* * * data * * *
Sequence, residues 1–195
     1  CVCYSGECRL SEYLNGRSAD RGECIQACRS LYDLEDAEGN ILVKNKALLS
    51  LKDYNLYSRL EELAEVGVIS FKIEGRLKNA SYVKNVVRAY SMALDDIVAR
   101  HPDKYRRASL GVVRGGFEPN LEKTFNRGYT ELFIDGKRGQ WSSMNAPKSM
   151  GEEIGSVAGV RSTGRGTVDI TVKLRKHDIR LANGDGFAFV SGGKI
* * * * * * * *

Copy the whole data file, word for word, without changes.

Sequence, residues 1–195
     1  CVCYSGECRL SEYLNGRSAD RGECIQACRS LYDLEDAEGN ILVKNKALLS
    51  LKDYNLYSRL EELAEVGVIS FKIEGRLKNA SYVKNVVRAY SMALDDIVAR
   101  HPDKYRRASL GVVRGGFEPN LEKTFNRGYT ELFIDGKRGQ WSSMNAPKSM
   151  GEEIGSVAGV RSTGRGTVDI TVKLRKHDIR LANGDGFAFV SGGKI